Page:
But wait—there’s more. Your Office of Sponsored Research (OSR) needs to chime in. OSR is your institution’s hub for externally funded faculty needs. While they offer advice and assistance on developing grants and fellowships, their main role is to keep faculty in line. At many schools, OSR is required to actually submit your grant just to prevent rogue projects from gumming things up; most at least serve as liaisons with your potential funders. And remember—because you’re working with a partner school, any co-principal investigator(s) there will have to successfully complete these steps, too.


A big hurdle for projects like yours is the Institutional Review Board (IRB). The IRB is a committee of faculty and administrators that makes sure experiments involving human subjects are conducted in a humane and ethical manner. Your project involves shocking, squeezing, and exhausting people for a period of six months. Add to that the fact that you’re cutting your subjects open (for biopsies) and bombarding them with radiation (the DEXA scans) and suddenly you have a project that needs to be airtight to pass faculty review. If there’s the slightest chance that your sterilization, health monitoring, or pain management techniques aren’t up to par, your study won’t be approved. Shoot, it might not be approved even if you dot your Is and cross your Ts. The IRB might just think the project is too onerous, a process to justify any foreseeable conclusion.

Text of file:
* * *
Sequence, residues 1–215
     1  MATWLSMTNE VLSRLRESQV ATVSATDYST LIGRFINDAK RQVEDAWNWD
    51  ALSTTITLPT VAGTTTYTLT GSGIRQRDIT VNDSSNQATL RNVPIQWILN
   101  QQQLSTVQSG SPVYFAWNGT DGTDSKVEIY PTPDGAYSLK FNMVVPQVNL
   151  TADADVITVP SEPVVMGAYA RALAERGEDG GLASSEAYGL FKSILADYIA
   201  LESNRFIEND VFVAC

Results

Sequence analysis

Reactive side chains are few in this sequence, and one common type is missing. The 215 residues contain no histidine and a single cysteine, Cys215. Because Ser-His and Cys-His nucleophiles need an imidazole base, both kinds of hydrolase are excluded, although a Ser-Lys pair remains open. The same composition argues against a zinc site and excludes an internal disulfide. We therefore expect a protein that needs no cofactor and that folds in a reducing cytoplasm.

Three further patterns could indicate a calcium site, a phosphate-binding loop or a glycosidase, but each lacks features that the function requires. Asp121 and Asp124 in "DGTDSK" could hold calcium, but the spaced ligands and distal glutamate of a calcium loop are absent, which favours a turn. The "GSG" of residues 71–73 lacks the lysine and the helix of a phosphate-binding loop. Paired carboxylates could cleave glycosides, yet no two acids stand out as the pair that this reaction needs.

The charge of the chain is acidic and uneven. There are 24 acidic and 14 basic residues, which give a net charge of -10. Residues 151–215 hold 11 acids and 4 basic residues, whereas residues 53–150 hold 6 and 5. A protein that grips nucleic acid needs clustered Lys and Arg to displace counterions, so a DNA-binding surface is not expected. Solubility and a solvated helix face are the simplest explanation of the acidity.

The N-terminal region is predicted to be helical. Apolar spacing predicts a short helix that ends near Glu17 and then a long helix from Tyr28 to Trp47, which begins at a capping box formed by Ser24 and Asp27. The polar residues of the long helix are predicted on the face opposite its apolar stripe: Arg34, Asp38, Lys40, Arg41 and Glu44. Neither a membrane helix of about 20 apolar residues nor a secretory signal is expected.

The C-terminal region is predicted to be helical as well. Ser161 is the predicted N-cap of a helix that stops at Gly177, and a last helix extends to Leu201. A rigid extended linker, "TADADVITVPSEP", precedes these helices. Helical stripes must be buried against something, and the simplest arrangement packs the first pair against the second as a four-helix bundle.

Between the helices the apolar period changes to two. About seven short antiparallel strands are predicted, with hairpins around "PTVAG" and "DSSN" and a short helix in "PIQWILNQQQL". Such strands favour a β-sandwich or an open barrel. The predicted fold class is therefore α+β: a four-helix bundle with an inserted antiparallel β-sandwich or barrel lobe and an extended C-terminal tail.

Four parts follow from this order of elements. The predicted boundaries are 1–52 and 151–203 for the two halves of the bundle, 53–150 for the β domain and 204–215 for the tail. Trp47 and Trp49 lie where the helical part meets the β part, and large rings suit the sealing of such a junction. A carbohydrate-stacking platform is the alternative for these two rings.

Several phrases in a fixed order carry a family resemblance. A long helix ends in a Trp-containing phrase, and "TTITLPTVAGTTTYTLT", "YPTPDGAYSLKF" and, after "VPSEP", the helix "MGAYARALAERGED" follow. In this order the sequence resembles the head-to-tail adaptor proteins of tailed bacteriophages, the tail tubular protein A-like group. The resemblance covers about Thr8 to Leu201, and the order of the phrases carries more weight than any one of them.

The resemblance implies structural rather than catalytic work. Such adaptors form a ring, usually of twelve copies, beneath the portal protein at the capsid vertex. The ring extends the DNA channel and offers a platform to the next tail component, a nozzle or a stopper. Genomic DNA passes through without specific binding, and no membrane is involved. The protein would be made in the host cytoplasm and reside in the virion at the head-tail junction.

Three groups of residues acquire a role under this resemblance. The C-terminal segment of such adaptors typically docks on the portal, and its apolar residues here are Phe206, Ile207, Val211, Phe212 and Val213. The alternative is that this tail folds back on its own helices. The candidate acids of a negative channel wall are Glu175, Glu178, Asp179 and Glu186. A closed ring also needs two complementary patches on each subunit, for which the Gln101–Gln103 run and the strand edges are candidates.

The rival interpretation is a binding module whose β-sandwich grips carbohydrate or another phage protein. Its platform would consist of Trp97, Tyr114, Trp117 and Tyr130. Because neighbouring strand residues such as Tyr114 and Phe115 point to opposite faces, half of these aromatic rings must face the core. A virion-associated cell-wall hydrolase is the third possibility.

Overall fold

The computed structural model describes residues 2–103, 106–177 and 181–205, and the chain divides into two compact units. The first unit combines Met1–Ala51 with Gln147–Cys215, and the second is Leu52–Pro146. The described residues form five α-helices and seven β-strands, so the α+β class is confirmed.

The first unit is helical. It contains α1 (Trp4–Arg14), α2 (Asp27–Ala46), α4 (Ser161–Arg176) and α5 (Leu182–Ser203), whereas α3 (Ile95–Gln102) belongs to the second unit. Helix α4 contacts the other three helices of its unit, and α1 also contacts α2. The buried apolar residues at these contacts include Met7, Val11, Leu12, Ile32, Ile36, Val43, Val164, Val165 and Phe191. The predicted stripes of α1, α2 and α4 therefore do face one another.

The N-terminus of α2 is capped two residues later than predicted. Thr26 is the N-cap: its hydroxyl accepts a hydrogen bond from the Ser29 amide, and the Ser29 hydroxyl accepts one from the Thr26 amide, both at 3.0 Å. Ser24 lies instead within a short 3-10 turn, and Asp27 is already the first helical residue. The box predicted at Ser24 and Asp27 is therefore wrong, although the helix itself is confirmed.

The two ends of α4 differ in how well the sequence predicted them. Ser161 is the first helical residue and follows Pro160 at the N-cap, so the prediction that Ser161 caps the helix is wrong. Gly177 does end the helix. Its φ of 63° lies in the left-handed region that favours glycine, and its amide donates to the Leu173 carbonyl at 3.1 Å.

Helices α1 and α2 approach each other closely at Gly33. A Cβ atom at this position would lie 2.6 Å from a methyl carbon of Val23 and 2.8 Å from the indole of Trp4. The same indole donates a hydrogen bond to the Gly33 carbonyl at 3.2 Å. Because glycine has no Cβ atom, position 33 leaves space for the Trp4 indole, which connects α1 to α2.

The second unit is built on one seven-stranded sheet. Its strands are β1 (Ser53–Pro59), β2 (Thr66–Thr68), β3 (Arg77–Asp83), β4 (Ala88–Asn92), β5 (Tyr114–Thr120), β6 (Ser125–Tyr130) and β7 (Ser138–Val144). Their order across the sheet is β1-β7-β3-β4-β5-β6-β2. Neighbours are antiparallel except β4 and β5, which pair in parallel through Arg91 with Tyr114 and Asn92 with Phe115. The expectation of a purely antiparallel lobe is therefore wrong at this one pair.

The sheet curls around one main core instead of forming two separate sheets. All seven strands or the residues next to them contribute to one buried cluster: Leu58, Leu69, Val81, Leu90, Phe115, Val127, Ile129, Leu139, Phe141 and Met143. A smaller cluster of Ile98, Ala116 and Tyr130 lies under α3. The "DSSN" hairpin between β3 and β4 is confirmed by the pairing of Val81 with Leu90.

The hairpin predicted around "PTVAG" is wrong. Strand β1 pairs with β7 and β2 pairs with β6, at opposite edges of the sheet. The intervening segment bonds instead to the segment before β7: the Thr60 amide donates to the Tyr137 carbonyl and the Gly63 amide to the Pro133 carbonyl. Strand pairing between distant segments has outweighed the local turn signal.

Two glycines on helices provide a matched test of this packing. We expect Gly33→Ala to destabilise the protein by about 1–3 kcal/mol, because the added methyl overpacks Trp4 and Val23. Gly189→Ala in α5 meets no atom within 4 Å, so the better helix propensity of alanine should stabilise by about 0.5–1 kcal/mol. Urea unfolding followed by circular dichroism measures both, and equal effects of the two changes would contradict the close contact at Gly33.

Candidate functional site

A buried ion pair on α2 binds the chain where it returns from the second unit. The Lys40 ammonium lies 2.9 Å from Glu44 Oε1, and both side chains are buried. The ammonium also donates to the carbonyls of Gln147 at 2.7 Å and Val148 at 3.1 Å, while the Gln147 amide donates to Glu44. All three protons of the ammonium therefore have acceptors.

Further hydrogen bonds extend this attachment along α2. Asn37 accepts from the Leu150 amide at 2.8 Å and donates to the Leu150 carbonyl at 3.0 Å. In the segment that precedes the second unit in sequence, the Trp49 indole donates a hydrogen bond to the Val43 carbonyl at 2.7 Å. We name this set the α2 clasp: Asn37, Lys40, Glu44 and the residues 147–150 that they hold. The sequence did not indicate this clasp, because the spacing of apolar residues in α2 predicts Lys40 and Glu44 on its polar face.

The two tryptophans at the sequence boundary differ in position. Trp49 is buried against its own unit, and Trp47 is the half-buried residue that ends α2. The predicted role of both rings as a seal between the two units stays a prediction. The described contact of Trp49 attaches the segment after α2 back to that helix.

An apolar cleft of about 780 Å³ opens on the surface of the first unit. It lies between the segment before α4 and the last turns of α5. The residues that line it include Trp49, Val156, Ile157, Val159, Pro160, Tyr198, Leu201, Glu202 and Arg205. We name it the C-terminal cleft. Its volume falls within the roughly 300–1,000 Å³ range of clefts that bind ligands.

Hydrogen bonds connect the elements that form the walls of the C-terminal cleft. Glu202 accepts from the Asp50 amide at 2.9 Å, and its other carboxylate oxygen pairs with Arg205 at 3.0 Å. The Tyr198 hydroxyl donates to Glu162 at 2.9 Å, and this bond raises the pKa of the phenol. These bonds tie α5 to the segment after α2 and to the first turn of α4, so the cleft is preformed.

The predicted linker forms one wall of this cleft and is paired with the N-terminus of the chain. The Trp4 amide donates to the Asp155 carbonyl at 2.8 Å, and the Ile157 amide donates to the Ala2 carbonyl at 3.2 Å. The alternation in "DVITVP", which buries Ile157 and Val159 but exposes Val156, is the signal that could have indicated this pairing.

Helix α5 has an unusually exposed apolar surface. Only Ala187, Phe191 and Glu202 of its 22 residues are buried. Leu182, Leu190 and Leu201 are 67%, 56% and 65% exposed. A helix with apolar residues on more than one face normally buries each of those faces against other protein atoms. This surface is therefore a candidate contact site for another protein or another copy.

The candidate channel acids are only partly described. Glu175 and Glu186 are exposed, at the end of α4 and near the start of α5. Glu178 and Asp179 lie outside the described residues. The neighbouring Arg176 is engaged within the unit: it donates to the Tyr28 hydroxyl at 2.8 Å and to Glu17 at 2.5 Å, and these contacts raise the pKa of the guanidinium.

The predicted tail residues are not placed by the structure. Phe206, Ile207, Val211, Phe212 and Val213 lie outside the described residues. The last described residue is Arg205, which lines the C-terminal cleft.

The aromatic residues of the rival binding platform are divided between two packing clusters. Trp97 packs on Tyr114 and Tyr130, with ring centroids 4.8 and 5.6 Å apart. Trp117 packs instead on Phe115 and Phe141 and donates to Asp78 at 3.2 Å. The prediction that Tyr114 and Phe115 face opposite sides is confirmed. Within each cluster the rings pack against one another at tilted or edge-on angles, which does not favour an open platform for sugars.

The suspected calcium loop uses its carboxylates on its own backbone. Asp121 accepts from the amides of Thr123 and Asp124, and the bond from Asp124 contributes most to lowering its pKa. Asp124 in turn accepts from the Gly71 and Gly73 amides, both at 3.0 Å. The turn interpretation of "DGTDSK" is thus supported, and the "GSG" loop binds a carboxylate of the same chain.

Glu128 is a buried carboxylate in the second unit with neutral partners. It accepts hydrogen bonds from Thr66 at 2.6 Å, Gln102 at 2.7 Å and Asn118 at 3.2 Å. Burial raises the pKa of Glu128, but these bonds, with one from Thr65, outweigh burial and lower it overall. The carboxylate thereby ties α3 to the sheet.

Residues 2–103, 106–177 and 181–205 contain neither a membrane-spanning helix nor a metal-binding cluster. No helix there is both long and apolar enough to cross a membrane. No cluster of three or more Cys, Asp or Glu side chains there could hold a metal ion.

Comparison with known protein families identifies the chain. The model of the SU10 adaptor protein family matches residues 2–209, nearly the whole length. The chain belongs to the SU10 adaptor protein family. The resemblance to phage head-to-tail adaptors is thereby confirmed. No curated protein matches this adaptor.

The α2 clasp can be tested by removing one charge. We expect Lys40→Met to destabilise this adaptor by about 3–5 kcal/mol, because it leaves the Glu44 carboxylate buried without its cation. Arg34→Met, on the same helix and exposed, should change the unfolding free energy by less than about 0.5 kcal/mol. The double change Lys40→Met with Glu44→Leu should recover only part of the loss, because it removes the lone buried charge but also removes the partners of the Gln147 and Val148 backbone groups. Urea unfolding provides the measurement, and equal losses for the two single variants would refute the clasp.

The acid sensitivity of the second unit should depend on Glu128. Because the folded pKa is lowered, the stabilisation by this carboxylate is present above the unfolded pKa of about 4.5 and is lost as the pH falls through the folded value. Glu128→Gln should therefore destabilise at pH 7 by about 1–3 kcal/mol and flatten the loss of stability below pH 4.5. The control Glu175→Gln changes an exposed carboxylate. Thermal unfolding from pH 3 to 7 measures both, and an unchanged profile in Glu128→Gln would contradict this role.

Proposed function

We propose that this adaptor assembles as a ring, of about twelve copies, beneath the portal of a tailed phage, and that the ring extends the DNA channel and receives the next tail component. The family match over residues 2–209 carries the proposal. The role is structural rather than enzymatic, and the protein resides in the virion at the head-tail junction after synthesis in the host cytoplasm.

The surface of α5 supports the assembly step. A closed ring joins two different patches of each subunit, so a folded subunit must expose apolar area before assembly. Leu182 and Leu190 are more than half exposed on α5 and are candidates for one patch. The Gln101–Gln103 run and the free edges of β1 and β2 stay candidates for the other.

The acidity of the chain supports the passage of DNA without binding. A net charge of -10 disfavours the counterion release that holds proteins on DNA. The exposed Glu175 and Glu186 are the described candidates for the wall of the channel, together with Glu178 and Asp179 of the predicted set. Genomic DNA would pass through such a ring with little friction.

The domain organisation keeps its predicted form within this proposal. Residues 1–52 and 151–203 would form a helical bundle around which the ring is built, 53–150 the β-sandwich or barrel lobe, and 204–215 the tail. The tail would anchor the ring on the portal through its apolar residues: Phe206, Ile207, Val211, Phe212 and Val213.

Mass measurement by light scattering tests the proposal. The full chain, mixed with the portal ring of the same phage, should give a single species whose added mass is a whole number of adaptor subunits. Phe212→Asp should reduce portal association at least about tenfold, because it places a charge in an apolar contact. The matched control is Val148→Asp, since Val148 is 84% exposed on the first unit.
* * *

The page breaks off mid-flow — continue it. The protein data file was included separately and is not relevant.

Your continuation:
There’s also the issue of personal ethics. You’re testing a training method that you’ve designed and believe will work, so in some ways your ego and time are already on the line. Can you keep your personal involvement from influencing your research? If that seems troublesome, you better have some objective partners and reviewers who can keep you honest. Or you might even start over from scratch and see if you can create a more objective route for yourself.


The last step on your road to just starting your project is finding the money you need in the first place. Projects like this are expensive. At the very least, you’ll need disposable lab materials, assistantships for your student workers, payments for student subjects, electrostims and constriction cuffs for all those subjects, costs for using your cross-town colleagues’ DEXA setup, and stipends for you and the other researchers who are helping you.

Your options are slim. You’re a low rung on your university’s ladder of financial priorities, so there isn’t going to be much backing for you (assuming your institution even has feasible internal grants). Corporate support could be a possibility, though your complicated protocol might not interest the manufacturers of electrostim or occlusion devices, and you don’t have the clout to catch their attention with your body of work. Besides, why mar your results with the potential for bias?

Grants—especially federal grants—are your best ticket because they fund the bulk of research like yours. But it won’t be easy. The National Institutes of Health is your most likely target, but they’ve been hurt by budget cuts. The cuts are deep enough that NIH is thinking about moving to an award model that favors established researchers over newer ones, so things might be doubly problematic. And writing grants is a process that no researcher has ever liked. Still, it’s your best shot. We’ll go over the grant writing grind in Part 2.